You already know bottled water is a marketing ploy. Don't fall for the latest attempt to get you to buy what flows freely from the tap.
A new marketing gimmick is out to prey on people's ignorance and environmentalism. Don't fall for it.
<p> "Organic water" brand Llanllyr Water turned up at this year's <a href="http://www.specialtyfood.com/fancy-food-show/">Fancy Food Show</a> in Washington, D.C., where comestible companies from around the globe <a href="http://www.npr.org/blogs/health/2011/07/13/137796144/organic-water-a-new-marketing-wave?ps=sh_sthdl">hyped their elegant wares</a>. And yet, according to the U.S. Department of Agriculture, <a href="http://www.ams.usda.gov/AMSv1.0/getfile?dDocName=STELPRDC5068442">"organic water" doesn't really exist</a> outside the minds of water company executives trying to make a quick buck. Like salt (NaCl), water contains not a single carbon atom, meaning it's not alive. Not alive means it can't be certified organic; it's that simple. <a href="http://www.llanllyrwater.com/">Llanllyr likes to say</a> that its water comes from beneath "organic fields" in Wales. That may be the case, but the fields above the water don't matter a lick when it comes to the water itself, which is just as plain, boring, and uselessly expensive as any other bottled water company's product.</p><p> Most people know by now that even ordinary bottled water <a href="http://www.good.is/post/annie-leonard-s-story-of-bottled-water-should-make-fiji-nervous-sustainability-fast-company">is a waste of money and resources</a>. Slapping an "organic" label on it doesn't change that, it just makes the customer buying into it look wasteful <em>and </em>ignorant.</p><p> <em><a href="http://www.treehugger.com/files/2007/10/are_you_kidding.php">photo</a> via Treehugger</em></p>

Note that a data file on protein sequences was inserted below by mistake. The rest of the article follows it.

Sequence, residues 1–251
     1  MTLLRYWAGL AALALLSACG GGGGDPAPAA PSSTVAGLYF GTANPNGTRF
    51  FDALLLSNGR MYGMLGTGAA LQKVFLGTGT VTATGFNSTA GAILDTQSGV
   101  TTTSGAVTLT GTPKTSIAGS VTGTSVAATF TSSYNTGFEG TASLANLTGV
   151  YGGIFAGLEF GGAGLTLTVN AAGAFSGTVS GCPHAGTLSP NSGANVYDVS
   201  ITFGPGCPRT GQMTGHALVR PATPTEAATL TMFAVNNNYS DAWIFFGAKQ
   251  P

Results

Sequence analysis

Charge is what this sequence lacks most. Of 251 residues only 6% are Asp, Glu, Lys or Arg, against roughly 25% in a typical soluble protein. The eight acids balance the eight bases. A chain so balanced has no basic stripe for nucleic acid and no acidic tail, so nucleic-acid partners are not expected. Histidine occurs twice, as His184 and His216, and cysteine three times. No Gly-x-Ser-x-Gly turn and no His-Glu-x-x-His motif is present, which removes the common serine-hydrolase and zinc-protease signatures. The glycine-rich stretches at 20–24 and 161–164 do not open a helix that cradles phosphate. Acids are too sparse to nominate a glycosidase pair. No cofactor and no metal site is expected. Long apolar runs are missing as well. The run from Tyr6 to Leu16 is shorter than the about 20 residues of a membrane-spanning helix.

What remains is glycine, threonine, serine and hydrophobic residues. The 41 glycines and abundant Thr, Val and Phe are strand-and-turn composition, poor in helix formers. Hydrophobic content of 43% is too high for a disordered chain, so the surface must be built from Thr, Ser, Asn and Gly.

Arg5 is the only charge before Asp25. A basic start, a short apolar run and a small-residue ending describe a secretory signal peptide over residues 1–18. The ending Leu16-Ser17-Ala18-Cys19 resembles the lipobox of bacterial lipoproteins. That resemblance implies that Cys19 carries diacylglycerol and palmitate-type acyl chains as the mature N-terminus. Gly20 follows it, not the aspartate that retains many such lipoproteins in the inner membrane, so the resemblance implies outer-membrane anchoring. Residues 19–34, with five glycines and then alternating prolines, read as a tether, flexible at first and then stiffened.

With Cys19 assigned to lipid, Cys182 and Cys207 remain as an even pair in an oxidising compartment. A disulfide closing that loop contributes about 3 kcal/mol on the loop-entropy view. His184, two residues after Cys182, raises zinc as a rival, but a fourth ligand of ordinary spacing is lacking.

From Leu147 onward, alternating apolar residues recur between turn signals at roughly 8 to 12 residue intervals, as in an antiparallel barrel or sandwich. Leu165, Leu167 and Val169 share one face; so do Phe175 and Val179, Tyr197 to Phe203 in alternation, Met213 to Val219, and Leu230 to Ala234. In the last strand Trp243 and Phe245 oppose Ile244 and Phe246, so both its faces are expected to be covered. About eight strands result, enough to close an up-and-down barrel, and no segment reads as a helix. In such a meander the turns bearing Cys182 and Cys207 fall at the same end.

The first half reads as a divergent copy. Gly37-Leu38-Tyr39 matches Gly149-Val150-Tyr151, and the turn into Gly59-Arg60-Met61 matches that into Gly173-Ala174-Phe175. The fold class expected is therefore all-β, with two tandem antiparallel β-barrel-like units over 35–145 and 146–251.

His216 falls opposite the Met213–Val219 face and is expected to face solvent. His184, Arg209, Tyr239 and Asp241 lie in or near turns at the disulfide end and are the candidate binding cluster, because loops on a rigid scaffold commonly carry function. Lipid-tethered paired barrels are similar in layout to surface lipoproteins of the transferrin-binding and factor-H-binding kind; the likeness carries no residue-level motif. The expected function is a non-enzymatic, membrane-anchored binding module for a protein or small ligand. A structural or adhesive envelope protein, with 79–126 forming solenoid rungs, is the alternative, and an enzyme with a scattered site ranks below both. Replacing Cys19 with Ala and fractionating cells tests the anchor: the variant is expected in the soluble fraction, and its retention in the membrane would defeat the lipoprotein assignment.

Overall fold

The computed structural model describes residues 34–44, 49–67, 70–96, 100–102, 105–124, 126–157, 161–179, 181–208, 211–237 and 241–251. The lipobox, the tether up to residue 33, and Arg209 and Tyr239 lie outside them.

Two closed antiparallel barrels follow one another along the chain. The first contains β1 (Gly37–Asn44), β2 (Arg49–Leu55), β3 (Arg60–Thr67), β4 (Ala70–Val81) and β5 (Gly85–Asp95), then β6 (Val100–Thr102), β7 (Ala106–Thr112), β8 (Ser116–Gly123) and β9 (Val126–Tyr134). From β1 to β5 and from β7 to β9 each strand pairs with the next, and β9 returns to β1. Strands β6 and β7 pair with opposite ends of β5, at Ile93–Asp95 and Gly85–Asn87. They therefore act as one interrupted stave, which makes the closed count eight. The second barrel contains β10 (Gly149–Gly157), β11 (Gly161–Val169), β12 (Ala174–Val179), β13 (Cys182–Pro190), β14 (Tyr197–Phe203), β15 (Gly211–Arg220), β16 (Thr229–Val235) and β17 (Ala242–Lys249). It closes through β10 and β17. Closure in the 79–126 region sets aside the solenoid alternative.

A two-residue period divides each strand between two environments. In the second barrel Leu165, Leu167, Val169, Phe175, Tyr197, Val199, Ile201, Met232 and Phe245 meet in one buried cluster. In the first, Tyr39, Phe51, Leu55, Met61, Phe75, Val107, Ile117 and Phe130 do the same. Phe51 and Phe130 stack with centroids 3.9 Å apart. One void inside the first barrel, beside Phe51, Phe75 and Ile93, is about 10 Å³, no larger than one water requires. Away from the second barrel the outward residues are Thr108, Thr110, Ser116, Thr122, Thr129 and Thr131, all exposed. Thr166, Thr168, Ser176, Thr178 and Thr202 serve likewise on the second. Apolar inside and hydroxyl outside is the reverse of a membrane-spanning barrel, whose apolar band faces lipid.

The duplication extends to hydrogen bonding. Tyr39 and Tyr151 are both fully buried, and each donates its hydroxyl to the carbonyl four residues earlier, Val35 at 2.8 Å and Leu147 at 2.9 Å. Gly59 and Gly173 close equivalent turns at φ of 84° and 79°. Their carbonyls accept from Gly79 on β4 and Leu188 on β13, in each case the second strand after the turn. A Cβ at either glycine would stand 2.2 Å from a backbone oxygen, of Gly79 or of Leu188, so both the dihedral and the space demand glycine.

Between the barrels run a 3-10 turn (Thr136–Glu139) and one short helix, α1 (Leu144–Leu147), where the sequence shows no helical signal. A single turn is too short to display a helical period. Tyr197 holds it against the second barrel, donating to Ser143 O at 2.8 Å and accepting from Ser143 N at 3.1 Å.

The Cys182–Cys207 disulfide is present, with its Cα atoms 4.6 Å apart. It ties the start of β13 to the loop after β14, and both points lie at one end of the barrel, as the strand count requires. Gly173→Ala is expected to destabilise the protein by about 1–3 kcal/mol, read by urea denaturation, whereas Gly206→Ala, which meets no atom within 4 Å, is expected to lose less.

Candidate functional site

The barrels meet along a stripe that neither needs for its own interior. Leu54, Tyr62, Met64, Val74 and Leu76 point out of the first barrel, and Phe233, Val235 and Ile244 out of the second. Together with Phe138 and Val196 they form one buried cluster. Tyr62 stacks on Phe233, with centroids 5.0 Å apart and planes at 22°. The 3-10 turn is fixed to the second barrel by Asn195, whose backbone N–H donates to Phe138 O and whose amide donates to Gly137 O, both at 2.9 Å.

Keep Reading Show less